The lateral wall of the left ventricle is supplied by branches of the left anterior descending (LAD) and left circumflex (LCx) arteries.
STEMI of the lateral wall usually occurs as part of a larger territory infarction, e.g. anterolateral STEMI.
Lateral extension of an anterior, inferior or posterior MI indicates a larger territory of myocardium at risk with consequent worse prognosis.
STEMI of the lateral wall is usually caused by acute atherosclerotic plaque rupture with subsequent thrombus formation in the left circumflex artery (LCx) or one of its branches (marginal branch).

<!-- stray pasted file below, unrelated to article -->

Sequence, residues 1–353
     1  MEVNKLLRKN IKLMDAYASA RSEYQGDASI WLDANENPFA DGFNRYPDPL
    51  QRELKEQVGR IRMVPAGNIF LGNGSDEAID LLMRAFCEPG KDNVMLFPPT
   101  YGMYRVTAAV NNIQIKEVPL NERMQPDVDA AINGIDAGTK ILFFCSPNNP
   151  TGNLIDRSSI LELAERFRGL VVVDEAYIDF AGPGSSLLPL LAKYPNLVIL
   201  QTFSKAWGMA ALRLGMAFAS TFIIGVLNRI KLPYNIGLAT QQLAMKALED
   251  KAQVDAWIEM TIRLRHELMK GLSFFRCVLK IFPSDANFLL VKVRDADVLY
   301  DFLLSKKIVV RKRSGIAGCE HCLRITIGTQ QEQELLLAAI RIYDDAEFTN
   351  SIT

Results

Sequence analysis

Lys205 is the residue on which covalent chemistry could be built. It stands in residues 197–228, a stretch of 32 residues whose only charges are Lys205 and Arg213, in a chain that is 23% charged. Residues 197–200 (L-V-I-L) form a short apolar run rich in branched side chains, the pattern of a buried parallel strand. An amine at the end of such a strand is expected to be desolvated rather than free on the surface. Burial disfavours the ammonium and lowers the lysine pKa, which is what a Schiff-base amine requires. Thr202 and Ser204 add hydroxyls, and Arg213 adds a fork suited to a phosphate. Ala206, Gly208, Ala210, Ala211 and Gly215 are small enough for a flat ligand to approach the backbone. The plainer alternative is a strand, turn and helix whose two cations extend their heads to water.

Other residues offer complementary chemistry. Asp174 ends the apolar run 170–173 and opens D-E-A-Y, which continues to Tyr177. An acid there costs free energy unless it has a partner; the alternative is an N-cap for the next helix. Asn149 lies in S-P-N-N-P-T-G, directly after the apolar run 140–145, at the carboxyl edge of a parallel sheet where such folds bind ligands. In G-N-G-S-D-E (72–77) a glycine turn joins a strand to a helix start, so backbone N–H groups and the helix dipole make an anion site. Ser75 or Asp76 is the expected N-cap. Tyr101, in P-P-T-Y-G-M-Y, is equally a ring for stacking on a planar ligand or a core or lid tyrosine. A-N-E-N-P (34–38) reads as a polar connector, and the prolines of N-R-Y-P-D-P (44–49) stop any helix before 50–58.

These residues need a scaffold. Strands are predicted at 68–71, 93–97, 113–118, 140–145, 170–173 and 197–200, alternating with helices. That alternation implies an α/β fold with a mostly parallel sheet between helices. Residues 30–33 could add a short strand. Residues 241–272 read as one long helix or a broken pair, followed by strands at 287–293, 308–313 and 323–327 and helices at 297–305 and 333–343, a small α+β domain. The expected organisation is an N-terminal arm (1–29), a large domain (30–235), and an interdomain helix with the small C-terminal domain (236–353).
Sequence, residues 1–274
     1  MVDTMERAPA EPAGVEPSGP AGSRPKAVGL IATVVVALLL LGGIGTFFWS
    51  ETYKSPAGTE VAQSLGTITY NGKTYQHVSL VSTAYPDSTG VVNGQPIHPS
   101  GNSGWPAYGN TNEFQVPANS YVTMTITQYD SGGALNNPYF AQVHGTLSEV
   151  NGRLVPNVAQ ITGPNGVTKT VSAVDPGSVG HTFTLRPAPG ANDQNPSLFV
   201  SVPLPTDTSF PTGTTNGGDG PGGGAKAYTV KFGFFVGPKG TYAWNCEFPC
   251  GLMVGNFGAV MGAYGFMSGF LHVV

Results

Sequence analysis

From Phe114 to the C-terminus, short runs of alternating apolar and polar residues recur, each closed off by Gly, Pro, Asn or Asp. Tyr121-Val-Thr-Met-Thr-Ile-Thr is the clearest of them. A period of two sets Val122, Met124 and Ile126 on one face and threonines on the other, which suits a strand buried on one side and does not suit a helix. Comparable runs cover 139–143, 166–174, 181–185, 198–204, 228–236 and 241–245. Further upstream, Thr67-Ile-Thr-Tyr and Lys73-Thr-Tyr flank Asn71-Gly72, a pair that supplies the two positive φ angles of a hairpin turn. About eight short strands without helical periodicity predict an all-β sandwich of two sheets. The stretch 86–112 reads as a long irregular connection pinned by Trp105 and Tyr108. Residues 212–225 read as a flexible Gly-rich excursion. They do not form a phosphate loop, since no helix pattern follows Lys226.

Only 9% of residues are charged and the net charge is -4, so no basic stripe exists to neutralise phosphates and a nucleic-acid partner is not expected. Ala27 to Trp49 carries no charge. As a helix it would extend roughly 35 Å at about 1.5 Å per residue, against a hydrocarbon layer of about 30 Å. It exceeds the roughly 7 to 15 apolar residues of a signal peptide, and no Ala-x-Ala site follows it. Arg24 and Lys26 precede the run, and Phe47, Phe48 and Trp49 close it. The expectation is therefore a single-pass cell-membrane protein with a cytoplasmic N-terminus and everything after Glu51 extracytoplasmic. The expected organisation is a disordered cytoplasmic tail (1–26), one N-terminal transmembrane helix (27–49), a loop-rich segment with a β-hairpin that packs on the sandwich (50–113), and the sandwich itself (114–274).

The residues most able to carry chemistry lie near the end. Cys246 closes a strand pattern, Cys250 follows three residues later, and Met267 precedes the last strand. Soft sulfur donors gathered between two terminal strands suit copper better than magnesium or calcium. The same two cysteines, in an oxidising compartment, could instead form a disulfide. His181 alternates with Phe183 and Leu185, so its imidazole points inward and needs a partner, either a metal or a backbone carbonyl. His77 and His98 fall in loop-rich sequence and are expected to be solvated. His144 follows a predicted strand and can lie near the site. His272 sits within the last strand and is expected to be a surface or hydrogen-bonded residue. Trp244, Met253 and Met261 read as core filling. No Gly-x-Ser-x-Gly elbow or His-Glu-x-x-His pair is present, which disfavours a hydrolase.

More commonly, left anterior descending (LAD) artery is involved in the ensuing anterolateral MI (diagonal branch). Ramus intermedius occlusion might be seen as well.
Inferolateral STEMI - ST-elevation involving lateral (I, aVL, V5, V6) and inferior leads (II, III, aVF) - usually seen with occlusion of the proximal LCx artery.
Anterolateral STEMI - ST-elevation involving lateral (I, aVL, V5, V6) and anterior leads (V1, V2, V3) - usually highly indicative of proximal LAD occlusion.
ECG 1 STEMI lateral (ST elevations I, aVL, V4-V6, ST depressions in inferior leads) - diagonal branch occlusion
ECG 2 STEMI of lateral wall (ST elevations in I, aVL, V5-V6) in a patient with occlusion of ramus intermedius